Many people consider Battles to be solely the experimental rhythmic noodlings of American composer Tyondai Braxton. Having trained under the experimental genre's elite (Glenn Branca, Steve Reich and father Anthony Braxton), the then four-piece's first full length Mirrored received widespread critical acclaim for it's glistening tones and it's unfathomable rhythmic changes. So when Tyondai left the band back in August 2010 as they geared up for this sophomore release, expectations sadly dropped. Yet wrongly so, as Gloss Drop pinches from Mirrored whilst reappearing with an all new collection of sounds.
One thing that should be said about Gloss Drop is that it is one of the funner albums that you are likely to hear this year. A pristine example would be the funky single Ice Cream which features Matias Aguayo, whose voice is manipulated almost as an extra instrument, full of rhythmic delays and slotted perfectly between playful beats of pure madness.
This record is entirely focused on creating playful, rhythmic music, and the production is a fine reflection of that. The low ends thump and the high ends are very snappy. The overall production is clean and crisp, with some really captivating panning enhancing the duelling guitar riffs in particular, but additionally the synthesisers and thoroughly competent drum work.
One of the standout tracks that Battles have really mastered on this thing is Wall Street. It is one of the craziest, danceable tracks that I have heard, umm, ever! It's that high octane pulse that for me sums up what Battles were trying to achieve with this album, and it's of great regard to drummer John Stanier that he can hold together such an intricate sense of rhythm on a track of this pace.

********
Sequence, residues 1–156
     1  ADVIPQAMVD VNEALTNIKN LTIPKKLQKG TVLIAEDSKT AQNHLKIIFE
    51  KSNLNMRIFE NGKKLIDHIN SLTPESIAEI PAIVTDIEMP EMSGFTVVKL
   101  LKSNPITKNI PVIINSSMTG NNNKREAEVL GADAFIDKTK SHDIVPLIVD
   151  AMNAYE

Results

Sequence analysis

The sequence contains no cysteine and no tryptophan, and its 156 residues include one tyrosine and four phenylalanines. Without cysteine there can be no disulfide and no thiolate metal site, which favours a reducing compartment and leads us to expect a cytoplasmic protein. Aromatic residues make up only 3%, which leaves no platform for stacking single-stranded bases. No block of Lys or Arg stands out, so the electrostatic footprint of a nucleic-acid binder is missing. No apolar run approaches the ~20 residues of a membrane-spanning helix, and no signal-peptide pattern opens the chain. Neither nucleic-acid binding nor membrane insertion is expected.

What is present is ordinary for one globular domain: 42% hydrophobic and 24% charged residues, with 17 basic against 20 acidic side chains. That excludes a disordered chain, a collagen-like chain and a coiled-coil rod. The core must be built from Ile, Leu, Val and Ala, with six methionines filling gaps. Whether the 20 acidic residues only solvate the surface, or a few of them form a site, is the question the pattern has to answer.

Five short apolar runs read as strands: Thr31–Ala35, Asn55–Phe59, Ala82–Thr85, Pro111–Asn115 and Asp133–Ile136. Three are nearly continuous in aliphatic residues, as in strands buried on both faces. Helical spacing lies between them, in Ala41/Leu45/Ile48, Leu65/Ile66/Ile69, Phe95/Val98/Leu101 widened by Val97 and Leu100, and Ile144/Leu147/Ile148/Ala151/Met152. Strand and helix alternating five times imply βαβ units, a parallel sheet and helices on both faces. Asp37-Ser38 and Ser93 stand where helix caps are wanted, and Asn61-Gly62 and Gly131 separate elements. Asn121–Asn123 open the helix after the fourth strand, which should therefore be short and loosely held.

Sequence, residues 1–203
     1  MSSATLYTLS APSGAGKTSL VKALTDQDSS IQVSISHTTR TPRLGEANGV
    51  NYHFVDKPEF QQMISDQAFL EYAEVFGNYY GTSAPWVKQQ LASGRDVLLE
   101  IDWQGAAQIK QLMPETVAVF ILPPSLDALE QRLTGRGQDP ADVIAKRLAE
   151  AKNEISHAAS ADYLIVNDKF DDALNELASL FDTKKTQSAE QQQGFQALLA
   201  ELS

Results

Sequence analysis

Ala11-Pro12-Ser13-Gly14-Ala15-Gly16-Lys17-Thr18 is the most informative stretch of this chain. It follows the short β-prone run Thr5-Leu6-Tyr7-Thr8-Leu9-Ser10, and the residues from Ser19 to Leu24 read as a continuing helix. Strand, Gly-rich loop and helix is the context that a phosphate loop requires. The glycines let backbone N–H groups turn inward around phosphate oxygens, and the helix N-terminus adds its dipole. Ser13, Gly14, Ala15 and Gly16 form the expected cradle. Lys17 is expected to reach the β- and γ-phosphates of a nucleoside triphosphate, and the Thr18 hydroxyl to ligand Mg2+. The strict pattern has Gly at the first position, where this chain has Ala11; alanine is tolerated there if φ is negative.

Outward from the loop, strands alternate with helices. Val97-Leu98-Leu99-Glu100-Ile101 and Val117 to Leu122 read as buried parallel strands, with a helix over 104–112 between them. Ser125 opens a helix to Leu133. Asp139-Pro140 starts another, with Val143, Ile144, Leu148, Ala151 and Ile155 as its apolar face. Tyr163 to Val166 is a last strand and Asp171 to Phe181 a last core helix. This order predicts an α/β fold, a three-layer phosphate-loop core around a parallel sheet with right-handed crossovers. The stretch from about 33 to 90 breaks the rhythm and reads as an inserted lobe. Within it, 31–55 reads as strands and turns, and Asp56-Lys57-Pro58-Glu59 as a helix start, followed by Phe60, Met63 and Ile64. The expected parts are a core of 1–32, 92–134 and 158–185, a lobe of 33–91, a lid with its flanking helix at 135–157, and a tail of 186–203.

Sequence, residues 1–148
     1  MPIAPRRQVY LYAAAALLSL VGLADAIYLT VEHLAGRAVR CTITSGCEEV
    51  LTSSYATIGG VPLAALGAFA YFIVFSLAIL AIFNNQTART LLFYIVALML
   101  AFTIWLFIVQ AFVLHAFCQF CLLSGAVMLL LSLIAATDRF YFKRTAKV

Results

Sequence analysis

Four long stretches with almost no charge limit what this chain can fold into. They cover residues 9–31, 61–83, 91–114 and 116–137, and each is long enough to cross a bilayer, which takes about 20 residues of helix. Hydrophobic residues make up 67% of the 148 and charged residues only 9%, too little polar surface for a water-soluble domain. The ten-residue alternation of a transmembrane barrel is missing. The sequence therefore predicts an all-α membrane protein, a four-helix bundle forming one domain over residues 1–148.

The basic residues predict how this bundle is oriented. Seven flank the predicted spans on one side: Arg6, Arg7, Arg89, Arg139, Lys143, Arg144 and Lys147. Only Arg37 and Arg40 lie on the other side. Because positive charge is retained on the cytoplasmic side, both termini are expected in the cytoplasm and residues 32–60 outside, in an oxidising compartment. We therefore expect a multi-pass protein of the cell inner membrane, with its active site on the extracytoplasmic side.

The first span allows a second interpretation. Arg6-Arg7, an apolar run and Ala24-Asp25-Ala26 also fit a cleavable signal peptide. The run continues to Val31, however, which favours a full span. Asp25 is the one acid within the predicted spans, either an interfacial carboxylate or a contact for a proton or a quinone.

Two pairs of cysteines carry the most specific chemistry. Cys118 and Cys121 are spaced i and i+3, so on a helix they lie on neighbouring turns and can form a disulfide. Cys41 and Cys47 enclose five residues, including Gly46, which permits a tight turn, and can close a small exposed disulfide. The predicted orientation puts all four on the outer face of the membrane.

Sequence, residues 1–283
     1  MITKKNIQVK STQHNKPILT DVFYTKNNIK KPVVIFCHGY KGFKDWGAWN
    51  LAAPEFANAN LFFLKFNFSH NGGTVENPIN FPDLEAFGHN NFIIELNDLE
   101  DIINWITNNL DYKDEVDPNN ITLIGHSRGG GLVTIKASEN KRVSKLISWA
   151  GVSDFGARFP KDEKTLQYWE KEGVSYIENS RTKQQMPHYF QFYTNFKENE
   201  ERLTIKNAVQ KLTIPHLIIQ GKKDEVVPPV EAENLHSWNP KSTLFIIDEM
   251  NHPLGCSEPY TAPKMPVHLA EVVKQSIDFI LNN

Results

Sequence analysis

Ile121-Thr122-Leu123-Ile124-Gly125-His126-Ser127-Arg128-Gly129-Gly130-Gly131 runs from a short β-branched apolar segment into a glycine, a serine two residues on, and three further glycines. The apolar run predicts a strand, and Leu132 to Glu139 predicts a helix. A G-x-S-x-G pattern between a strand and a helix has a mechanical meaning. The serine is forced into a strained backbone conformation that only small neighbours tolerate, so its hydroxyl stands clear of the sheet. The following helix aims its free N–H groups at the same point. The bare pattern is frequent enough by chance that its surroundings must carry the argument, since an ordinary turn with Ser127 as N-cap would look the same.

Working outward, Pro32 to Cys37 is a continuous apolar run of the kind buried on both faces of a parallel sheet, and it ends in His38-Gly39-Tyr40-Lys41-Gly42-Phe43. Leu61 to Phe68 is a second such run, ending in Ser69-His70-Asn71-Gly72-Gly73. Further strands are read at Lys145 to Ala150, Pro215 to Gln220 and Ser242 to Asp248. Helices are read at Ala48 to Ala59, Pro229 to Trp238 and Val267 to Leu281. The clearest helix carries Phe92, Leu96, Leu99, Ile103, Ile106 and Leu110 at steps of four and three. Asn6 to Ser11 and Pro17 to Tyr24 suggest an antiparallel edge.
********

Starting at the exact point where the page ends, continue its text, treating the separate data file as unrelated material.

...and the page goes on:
The vocal contributions on this album are also hugely welcome, with Gary Numan's performance on My Machines allowing a much greater sense of depth to that particular track.
Really the only reason that this effort does not score higher for me is that there is no respite at all. The record is full throttle from start to finish, and by the end your brain is slightly frazzled. A slight break in the chain may have done this album some good, but there will be people that believe that stifling this record's momentum would have killed it all together. Bottom line, it's safe to say that in the face of adversity, Battles really stepped up and delivered an extremely polished sophomore, which is no mean feat, even with Tyondai Braxton on board.